The idea is that it almost becomes an autobiographical sketch of you?

What I hope people will be seeing is something like the inside of my head.

What will they see there? We have some wonderful William Blakes, Newton sitting on what looks like the moon. Blake was a guiding spirit for me for a long, long time. My father gave me Songs of Innocence and of Experience when I was a child, which gave me the title for one of my albums. I went on living by Blake.

I always liked that fragment of his : "What is the price of experience…?"

Yes, and, "The road of excess leads to the palace of wisdom." I'm not sure if I believe that any more. Is it true? It might be. He had vision. I am not in any way a visionary like that. I'm more a channel.

The exhibition will also include Richard Hamilton's picture of Mick Jagger and Robert Fraser's 1967 drug bust, Swingeing London. You were there, of course. Does that feel like another life?

It is all very present. I look at the picture every day. I've been so glad Richard gave it to me. It has helped me a lot to see that period as art, rather than just personal trauma. I read a lot of books about those times, and these days they seem to be viewed as a disaster. I don't see it that way at all, though for me personally they were pretty rough.

Did you read Keith Richards's memoir?

I did. And I loved it. It rang true as Keith. Not that I agree with everything in it. Strangely, I am going to New York to do, among other things, a tribute show to the Rolling Stones at Carnegie Hall. With Ronnie Spector and Steve Earle and others. I will sing "Sister Morphine" at the very end.

Do you have any qualms about being in a Stones' tribute show?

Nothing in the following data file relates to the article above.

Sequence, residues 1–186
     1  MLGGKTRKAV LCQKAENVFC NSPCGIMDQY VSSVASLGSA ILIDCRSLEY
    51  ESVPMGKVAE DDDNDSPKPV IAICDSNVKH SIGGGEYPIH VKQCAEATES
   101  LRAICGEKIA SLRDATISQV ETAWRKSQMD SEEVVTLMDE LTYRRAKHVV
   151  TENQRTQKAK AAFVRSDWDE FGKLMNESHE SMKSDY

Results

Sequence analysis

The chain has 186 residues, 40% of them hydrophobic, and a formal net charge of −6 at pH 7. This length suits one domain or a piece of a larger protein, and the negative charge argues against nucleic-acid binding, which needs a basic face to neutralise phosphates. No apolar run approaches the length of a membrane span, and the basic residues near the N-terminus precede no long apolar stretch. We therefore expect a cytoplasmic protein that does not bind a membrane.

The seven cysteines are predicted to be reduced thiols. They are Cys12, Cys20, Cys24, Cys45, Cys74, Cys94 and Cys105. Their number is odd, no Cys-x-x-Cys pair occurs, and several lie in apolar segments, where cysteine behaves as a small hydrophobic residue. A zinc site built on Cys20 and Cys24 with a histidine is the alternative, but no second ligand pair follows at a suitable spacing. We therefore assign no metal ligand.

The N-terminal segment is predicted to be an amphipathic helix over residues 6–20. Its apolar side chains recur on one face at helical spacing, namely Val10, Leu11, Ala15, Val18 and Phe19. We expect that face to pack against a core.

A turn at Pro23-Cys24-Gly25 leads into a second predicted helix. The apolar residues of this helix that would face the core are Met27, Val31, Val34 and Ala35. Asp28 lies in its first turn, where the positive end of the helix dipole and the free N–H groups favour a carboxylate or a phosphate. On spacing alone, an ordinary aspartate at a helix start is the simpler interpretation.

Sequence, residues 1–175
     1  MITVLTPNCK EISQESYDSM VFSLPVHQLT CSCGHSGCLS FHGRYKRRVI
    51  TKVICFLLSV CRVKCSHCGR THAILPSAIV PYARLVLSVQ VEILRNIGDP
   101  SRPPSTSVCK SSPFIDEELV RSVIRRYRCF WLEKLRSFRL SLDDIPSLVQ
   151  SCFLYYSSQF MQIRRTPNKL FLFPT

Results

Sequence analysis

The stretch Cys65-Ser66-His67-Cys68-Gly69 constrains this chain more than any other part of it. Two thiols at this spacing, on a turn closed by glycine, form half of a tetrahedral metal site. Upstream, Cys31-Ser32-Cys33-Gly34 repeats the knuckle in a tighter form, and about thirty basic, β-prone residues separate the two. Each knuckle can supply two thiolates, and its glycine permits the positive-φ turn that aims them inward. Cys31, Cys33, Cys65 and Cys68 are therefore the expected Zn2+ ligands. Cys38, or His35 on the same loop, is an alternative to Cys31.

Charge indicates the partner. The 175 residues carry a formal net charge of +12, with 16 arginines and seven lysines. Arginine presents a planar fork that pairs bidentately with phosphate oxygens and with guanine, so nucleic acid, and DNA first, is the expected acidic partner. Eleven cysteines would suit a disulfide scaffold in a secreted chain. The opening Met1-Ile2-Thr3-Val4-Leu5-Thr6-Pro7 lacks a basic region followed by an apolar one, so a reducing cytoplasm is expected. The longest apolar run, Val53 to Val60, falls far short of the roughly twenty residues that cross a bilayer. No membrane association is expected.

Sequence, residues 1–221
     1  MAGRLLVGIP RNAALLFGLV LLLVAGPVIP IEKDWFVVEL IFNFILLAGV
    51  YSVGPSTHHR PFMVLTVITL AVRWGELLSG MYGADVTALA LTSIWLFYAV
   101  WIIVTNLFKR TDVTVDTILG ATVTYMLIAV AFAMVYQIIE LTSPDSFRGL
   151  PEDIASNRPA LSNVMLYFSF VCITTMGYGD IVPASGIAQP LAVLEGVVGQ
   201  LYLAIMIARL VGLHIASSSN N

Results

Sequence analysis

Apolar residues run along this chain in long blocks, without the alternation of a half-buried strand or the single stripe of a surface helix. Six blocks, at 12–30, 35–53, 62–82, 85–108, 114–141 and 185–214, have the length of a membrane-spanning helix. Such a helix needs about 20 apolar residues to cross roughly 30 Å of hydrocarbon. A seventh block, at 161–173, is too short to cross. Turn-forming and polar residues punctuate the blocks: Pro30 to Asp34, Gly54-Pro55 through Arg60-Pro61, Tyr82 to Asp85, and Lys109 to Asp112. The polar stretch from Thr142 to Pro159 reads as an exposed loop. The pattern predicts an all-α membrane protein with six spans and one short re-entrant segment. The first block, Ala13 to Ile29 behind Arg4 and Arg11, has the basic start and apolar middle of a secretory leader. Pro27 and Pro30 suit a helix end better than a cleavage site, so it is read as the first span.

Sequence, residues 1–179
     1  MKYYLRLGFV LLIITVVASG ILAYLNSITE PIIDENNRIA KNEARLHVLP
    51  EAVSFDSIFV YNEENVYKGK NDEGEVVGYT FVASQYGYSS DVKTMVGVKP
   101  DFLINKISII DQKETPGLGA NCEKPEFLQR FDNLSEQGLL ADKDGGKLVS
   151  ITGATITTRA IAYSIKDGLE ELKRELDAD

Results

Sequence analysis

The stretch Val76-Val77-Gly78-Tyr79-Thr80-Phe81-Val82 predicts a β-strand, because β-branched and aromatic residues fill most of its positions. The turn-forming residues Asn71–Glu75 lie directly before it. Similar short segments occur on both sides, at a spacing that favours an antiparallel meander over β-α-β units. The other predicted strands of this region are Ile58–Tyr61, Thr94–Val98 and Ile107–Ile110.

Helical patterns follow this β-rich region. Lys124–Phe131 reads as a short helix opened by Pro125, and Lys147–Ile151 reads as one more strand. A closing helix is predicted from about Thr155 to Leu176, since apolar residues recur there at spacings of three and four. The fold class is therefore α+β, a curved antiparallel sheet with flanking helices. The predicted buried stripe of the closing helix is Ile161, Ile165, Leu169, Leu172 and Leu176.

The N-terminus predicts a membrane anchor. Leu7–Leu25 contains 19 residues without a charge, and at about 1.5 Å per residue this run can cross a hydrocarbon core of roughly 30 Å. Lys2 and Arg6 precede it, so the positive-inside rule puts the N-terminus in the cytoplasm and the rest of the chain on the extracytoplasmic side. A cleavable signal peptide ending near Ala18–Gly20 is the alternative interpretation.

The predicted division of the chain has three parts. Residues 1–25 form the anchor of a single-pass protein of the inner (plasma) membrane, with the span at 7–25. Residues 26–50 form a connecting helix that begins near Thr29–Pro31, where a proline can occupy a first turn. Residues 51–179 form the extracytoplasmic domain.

Not really. There was a time I resented it because I felt I could have done anything, and just to be perceived as the creation of the Rolling Stones irritated me immensely. But there are worse things to be seen as, I suppose.

Things that seem tragic dramas when you are young seem less so when you look back?

Yes, you have to remember I was a completely insecure, self-centred, highly ambitious little girl.

Which period of your life do you think of as the happiest?

My childhood, and now. Because I have mastery. I am not drinking and not using drugs.

Do you have a religious impulse?

I do have a strong sense of God. It's impossible to explain what I mean when I say that, of course. I have to have a sense of something greater than myself to be able to stay sober. I have been in the programme for23 years but I am not 23 years sober. But I can't feel that it is all down to me, no.

You are a grandmother now?

I am. I'm 65. I have to take a lot more trouble physically. Before I spoke to you I did my 15 minutes on the treadmill. That's something I wouldn't have ever imagined. I do yoga. I do tai chi. I do a lot to keep my body and my spirit together so I can work. In the autumn I take up a position in Linz at the Opera House for three months, doing Brecht's Seven Deadly Sins, with full ballet costumes, everything.

Which of the sins do you feel you have explored most fully?

I've had a go at most, but in this piece Brecht turns them all upside down, so that lust becomes love. Pride becomes pride in your work. Envy is actually the hardest sin to make positive.

You have had more than your share of the male gaze over the years. Do you feel a bit liberated from that now?

I tried to ignore it most of the time. It's a mixed blessing but I do feel a bit liberated, although I make a great effort for my shows. A great effort to be Marianne Faithfull.

She's a creation as much as anything?

It is actually my name. It is me. But it hasn't felt like me for a long time. What has happened in the past 10 years or so, and what has been my goal for as long as I can remember, is to bring me and Marianne Faithfull into some semblance of harmony. It was her doing drugs and drinking, her inside my head, so it has been tough. The Fabulous Beast, that's what I call her.